In statistics, time series analysis deals with the inferential analysis of time series and the prediction of trends for their future development. It is a special form of regression analysis. A time series is a chronologically ordered sequence (but usually not a series in the mathematical sense) of numbers or observations, in which the arrangement of the characteristic characteristics necessarily results from the passage of time (e.g. share prices, stock market prices in general, population development, price index, voting intention surveys, weather data, interest rate index). Objectives of time series analysis can be:
- the shortest possible description of a historical time series
- the prediction of future time series values (forecast) on the basis of knowledge of their previous values (weather forecast))
- the detection of changes in time series (EEG or ECG monitoring in medicine during surgical procedures, changes in global vegetation phenology due to anthropogenic climate change)
- the elimination of serial or seasonal dependencies or trends in time series (seasonal adjustment) in order to reliably estimate simple parameters such as averages
The procedure within the framework of time series analysis can be divided into the following work phases:
- Identification phase: Identification of a suitable model for modelling the time series
- Estimation phase: estimation of suitable parameters for the selected model
- Diagnostic phase: diagnosis and evaluation of the estimated model
- Deployment phase: Use of the estimated and found suitable model (especially for forecasting purposes)
There are differences in the individual phases, depending on whether linear models for time series analysis (Box-Jenkins method, component model) or nonlinear models are used. In the following, the Box-Jenkins method is discussed as an example.
First and foremost, the graphical representation of the empirical time series values should be performed. This is the simplest and most intuitive method. Within the framework of the graphical analysis, initial conclusions can be drawn about the presence of trends, seasonality, outliers, variance stationarity and other anomalies.
Before further work can be done, the fundamental question of whether the time series should be mapped in a deterministic model (trend model) or a stochastic model must be clarified. These two alternatives imply different methods of trend adjustment, see Trend Adjustment Fluctuation Analysis. In the trend model, the adjustment is carried out by means of a regression estimate, in the stochastic model by means of the formation of differences.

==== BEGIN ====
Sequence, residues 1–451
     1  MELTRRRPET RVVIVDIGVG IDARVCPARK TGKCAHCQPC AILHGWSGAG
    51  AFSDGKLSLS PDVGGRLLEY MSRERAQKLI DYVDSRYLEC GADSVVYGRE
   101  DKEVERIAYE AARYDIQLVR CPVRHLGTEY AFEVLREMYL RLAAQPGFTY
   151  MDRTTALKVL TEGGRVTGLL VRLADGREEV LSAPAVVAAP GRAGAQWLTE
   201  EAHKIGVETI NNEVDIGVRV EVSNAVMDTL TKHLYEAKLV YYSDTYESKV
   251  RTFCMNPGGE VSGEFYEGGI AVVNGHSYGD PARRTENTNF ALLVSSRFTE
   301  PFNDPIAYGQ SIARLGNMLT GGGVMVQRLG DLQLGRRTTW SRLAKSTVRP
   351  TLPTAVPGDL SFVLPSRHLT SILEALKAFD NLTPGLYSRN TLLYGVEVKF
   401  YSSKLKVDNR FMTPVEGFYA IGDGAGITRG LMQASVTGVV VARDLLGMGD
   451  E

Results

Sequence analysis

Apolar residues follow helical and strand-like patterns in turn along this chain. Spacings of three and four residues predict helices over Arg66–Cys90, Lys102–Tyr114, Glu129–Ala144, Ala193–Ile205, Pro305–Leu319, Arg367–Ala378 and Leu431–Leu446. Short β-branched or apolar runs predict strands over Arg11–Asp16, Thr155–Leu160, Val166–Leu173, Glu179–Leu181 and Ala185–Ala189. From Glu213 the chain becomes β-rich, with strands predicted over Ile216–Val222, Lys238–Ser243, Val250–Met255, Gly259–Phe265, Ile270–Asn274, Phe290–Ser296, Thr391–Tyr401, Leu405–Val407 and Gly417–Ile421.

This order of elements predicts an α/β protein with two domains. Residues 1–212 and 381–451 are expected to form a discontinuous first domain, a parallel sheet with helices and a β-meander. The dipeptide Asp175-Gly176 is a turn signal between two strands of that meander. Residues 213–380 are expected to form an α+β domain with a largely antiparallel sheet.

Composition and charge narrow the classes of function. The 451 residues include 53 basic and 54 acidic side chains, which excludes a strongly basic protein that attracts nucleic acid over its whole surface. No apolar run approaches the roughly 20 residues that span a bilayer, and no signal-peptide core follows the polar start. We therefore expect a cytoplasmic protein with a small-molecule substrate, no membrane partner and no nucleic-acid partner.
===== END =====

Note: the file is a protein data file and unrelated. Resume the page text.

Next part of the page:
In the estimation phase, the model parameters and coefficients are estimated using different techniques. For the trend model, the least-squares estimation is suitable, for the models in the Box-Jenkins approach, the moment method, the nonlinear least-squares estimation, and the maximum-likelihood method are suitable for estimation.
In the diagnostic phase, the quality of the model or, if necessary, several selected models are assessed. The following procedure is recommended:
- Step 1: Check whether the estimated coefficients are significantly different from zero. In the case of individual coefficients, this is done with the help of a t-test, several coefficients together are examined with an F-test.
- Step 2: If the Box-Jenkins method is used, it is necessary to examine the extent to which the empirical autocorrelation coefficients correspond to those that should theoretically be obtained on the basis of the previously estimated coefficients. In addition, the partial autocorrelation coefficients as well as the spectrum can be analyzed.
- Step 3: Finally, a careful analysis of the residuals is carried out. The residuals should no longer have any structure. The centeredness of the residuals can be checked with a t-test. To clarify the latter, the so-called portmanteau tests can be used. For example, information criteria can be used for this purpose.
In the deployment phase, it is necessary to formulate a prediction equation from the model equation established in the identification phase and found to be useful. An optimality criterion must be defined in advance. For this purpose, the minimum mean squared error (MMSE) can be used.